Emulate Georges St-Pierre’s Ring Training with the Powertec Functional Trainer – Part 2
by: Ian Lauer CSCS
The importance of Strength and Conditioning in a Mixed Martial Arts match is obvious. The objective is to understand how vital ART, or “Adaptive Resistance Training” is in reaching your full potential in the ring. Let me reiterate that I am not denying the importance of Traditional Strength Training; instead, I am stressing the importance and value of BOTH types of training. General strength gained from traditional training will help you to overpower your opponent. In some instances this may be enough to win the fight but not always. In many cases when dealing with other skilled fighters you will need more. What is “more?” “More” is EXTREME FOCUSED POWER and FIGHT SPECIFIC CONDITIONING! To give your techniques this EXTREME FOCUSED POWER and FIGHT SPECIFIC CONDITIONING “Adaptive Resistance Training” (ART) is the key. How will you use ART? How will you create ART Exercises?
Tip: Using the Powertec Functional Trainer will give you a huge head start over trying to train without a pulley system!
The development ART exercises is actually relatively simple. The trick is to look at each movement you want to strengthen and use your imagination. Don’t get caught up trying to add unnecessary movements just to be fancy. Focus on the ACTUAL MOVEMENT and see how it is made up of smaller movements in the body. It is the sum of these small movements that result in the technique. When you strengthen these movements in unison the result is a more powerful technique.
Many fighting techniques are just a couple simple movements combined into one. An example of this would be a hook punch. The essence of this punch is a simple trunk rotation with a single arm fly movement. Now sure there are more details to consider; but, when designing an exercise to improve your right-hook power, this minimalist understanding will do nicely. The resulting exercise to improve this technique can be as simple as a single arm fly with trunk rotation. To accomplish this you can use the Powertec Functional Trainer and following this series of steps (for right hook punch):
1. Set the handle at shoulder height.
2. Stand perpendicular to the face of the Functional Trainer 2-3 feet away with right foot closest to the Functional Trainer with the handle in the right hand.
3. Step just far enough away from the machine to lift the weight with roughly a 90 degree bend in the elbow while your arm is extended out from your side towards the machine.
4. Maintaining the 90 degree bend in the elbow initiate a trunk rotation towards your left allowing your feet pivot naturally.
5. With the rotation of the trunk squeeze the arm across the front of the body as you would for a fly movement.
6. Twist back to start position and repeat for desired number of reps.
This is to develop the right hook. Be sure to work the left as well. The left hook is of course the same movement only in mirror fashion. Just as in traditional strength training, a balance of strength in the body with ART will improve your performance in the ring.
To describe exercises for each technique you encounter in the ring would quite literally fill a series of books. This article is just to get the wheels turning. For simple techniques like a punch the ART exercise may be obvious. For more complex movements it may take a little longer to master the concept. If you stick with it, you will be amazed at how the exercises will begin to reveal themselves as you look at the techniques more critically.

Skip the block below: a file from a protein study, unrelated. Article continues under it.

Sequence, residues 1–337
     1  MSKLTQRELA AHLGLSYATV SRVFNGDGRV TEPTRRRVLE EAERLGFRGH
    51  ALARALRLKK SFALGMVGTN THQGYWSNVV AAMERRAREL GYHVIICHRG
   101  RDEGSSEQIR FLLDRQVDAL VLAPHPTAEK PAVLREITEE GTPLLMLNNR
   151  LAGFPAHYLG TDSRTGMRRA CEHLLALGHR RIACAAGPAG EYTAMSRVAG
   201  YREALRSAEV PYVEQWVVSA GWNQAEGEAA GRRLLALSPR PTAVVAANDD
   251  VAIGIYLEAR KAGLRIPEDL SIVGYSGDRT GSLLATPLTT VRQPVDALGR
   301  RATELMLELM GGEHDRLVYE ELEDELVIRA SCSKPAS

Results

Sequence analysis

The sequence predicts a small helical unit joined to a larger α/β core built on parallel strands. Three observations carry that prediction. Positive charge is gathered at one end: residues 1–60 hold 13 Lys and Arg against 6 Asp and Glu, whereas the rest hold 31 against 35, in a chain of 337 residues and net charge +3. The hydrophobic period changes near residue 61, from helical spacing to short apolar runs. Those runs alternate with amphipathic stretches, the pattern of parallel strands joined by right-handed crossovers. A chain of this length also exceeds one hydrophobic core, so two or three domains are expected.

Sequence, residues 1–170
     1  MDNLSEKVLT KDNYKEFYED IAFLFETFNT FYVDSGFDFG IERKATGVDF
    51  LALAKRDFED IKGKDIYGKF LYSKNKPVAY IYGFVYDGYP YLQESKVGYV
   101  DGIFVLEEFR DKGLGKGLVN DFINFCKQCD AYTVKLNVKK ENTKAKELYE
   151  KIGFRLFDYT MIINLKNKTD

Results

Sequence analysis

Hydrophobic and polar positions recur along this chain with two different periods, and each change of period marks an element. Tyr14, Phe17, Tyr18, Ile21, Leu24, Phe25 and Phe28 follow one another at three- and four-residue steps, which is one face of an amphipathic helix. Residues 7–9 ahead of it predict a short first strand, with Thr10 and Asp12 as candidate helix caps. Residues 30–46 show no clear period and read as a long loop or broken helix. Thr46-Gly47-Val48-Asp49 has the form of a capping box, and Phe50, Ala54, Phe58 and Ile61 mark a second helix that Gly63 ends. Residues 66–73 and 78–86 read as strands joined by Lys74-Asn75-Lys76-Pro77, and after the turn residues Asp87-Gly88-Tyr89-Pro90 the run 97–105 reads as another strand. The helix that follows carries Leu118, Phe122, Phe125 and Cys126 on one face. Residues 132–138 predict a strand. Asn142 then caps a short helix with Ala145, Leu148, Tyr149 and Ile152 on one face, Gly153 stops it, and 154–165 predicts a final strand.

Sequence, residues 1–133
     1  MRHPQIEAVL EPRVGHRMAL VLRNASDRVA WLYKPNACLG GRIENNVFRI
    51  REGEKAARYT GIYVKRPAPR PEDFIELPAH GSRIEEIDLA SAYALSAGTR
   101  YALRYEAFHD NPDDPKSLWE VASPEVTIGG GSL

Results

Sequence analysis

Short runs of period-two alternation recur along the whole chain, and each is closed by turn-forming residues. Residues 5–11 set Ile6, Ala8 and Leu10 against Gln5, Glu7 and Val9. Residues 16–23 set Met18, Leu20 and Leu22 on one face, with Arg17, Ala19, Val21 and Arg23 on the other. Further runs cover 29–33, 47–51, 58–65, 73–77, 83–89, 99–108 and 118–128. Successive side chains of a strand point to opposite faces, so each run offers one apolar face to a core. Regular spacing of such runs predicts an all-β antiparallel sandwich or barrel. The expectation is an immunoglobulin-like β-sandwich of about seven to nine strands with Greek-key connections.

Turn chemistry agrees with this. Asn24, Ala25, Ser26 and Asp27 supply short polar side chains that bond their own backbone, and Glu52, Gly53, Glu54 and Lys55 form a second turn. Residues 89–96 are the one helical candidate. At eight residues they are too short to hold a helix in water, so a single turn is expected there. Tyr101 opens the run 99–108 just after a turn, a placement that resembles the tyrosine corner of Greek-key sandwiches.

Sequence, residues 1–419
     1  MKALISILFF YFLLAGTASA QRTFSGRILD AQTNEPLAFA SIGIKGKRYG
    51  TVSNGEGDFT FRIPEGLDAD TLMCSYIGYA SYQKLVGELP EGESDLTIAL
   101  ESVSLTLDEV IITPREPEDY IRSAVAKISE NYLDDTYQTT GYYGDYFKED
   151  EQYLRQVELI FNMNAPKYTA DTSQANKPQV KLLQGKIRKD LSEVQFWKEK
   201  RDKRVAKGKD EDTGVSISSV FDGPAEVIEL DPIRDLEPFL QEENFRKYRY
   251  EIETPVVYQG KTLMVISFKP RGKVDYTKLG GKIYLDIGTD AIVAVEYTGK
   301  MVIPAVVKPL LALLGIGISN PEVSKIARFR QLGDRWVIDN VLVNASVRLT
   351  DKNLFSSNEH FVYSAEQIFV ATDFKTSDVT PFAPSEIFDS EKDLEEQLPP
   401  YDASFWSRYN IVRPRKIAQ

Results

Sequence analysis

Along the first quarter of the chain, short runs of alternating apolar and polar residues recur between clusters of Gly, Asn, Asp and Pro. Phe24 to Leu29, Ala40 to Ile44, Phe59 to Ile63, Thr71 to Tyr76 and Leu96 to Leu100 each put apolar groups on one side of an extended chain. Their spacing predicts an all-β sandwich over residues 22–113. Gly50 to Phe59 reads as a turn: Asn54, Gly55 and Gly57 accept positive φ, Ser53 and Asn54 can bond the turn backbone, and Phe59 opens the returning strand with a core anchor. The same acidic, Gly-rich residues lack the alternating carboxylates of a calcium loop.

When you run into more complicated movements take the time to look at them mechanically. They must be broken down into pieces with two-three movements. When broken down into smaller pieces, exercises can be generated in a functional pattern to increase the strength of each component of the larger movement. An example of this would be the single leg takedown from wresting. The movement as a whole moves through multiple planes and all limbs are involved. When creating strength exercises to increase the takedown power consider the parts of the movement. The arms are reaching out around the leg and then ripping upward. While the arms are doing their thing the hips are dropping downward and then driving upward once the leg is captured. While all this is happening the legs are stepping and driving forward. You can clearly see that there are MANY PIECES to the single leg takedown. How do we deal with this to take full advantage of ART? We decide how far we need to break down the movement in order to create an awesome exercise to increase our FOCUSED POWER.
In the instance of the single leg take down, I like to break it into two movements to encompass the majority of the total movement. The first portion is a forward step while dropping the hips. Do you know what this looks like? A LUNGE! Sure it’s not 100% the same but similar. Now what about the arms? They are moving in a hybrid press/fly movement. These movements make up the first half of the takedown! So what does all this mean? Using this knowledge we can generate an exercise on the Powertec Functional Trainer that will increase the FOCUSED POWER on the Initiation of the Single Leg Takedown. How so?
1. Stand feet parallel facing away from the Functional Trainer with a handle in each hand at just below shoulder height. Your hands are on either side of the chest like you are ready to bench press a bar off of your chest.